HON. GASPAR VEGA
DEPUTY PRIME MINISTER AND MINISTER OF NATURAL RESOURCES AND ENVIRONMENT (BELIZE)
Oceans Acidification Side Event
United Nations Framework Convention on Climate Change (UNFCCC-COP 17)
8th December, 2011
Distinguish Delegates, Invited Guests, Ladies and Gentlemen,
On behalf of the Government and people of Belize, I wish to extend a warm greeting to all those who worked diligently to make this Oceans event possible and for giving me the opportunity to share with you an exciting, innovative financial mechanism that, we hope, will provide long term, timely and predictable financing for Marine climate change adaptation initiatives in Belize. As is the case for so many of you here this evening, our oceans continue to be the lifeblood our people and our economy; it is therefore necessary for us to do all we can to curb the adverse effects of climate change. I also want to use also this occasion to highlight the impacts that ocean acidification is having and will continue to have on our marine environment, our economy and our people.
For Belize, the adverse impacts of climate change are real and they are accelerating. Belizeans are already watching our coastlines vanish, flooding and hurricane events becoming from frequent, our lands becoming more arid, our coral reefs suffering from increasing bleaching events and ocean acidification. To make matters worse, the international community seems satisfied with incremental progress and half measures as it relates to the climate change agenda. This must not and cannot continue. The Government and people of Belize cannot embrace or tolerate such a reality. Instead, we must act now...we must act decisively and we must act boldly to ensure that we make meaningful progress in the fight against the harmful impacts of climate change.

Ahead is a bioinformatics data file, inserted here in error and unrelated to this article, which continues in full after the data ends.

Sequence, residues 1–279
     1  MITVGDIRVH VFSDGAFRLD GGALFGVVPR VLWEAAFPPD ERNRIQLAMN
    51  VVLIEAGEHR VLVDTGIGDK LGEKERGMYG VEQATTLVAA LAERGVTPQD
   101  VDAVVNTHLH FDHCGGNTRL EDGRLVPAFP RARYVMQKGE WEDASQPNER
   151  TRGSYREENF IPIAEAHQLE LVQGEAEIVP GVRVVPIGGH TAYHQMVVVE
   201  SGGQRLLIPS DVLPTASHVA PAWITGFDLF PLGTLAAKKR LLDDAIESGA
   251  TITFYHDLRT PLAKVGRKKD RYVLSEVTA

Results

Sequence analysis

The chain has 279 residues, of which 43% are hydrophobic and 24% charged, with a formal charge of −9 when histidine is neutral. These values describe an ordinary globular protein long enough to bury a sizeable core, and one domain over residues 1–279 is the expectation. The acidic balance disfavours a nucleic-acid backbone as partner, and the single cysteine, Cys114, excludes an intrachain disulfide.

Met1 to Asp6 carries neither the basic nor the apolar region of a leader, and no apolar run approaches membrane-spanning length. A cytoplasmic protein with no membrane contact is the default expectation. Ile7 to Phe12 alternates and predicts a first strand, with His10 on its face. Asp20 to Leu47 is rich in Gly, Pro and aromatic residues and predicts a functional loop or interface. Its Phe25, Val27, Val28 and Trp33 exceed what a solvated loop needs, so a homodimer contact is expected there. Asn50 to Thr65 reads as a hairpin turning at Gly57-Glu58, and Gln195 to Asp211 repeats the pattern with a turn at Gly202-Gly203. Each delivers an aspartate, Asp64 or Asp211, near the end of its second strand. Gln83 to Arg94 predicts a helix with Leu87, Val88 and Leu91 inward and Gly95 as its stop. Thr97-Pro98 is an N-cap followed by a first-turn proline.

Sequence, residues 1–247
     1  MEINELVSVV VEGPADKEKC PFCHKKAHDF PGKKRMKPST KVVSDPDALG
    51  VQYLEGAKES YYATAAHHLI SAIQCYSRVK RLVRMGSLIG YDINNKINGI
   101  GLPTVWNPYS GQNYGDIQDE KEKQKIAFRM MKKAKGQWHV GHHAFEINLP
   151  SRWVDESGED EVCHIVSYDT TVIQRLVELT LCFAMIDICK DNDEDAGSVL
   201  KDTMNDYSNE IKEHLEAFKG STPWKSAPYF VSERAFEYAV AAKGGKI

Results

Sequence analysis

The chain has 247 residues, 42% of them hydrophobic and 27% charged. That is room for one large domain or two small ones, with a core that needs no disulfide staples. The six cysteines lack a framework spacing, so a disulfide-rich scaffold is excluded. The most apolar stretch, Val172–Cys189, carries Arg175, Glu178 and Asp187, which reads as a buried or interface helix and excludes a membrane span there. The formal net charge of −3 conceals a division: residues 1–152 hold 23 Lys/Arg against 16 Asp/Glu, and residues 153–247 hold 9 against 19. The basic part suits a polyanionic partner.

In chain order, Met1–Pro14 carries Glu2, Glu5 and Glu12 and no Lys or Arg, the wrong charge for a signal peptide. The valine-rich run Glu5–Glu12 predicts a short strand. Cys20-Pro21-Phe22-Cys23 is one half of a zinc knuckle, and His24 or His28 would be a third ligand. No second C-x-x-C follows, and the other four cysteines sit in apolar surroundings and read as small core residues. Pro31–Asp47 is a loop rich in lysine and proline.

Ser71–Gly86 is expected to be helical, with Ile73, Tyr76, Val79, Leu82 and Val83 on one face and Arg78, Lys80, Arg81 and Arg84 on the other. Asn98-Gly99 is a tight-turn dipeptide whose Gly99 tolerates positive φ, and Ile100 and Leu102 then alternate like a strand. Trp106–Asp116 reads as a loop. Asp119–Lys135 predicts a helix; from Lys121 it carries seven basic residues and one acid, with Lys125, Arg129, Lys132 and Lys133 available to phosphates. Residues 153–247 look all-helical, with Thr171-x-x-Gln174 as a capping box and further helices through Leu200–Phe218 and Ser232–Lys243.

Belize is one of the few countries in the region that has articulated its National Protected Areas Policy and System Plan, which now serves as the primary tool to guide the sustainable management of our protected areas. This Plan sets forth a bold program of activities that must be accomplished for us to ensure the sustainable management of our natural resources, including making our marine environment more resilient to climate change. The GOB’s commitment to the Plan, along with participation of many stakeholders, has yield many accomplishments for which we are very proud.
Over 26% of our national lands are protected including 13 percent of our marine territory; we are one of the only countries to have legislated a national ban on bottom trawling; we have outlawed the sale and development of coastal shoals; we are one of the global leaders in increasing our no- take zones to 2% of our marine territory; we have almost 70 percent forest cover, and we lead the region in obtaining more than 50 percent of our energy from renewable resources.
While we are proud of our progress to date, our ability to do more is constrained by the lack of timely, adequate, predictable financing, particularly for climate change adaptation. The recent global recession has resulted in a reduced flow of funds to Belize; coupled with our socio- economic realities of high unemployment, poverty and high debt to GDP ratio, we are finding it almost impossible to increase our domestic investment in our protected areas. It is for this reason that we must find innovative and creative mechanisms to mobilize resources from non-traditional sources, if we are going to maintain our progress.
The Marine Climate Change Adaptation Initiative (MCCAI) is a highly innovative mechanism that has the potential to provide substantial funding for climate change adaptation, while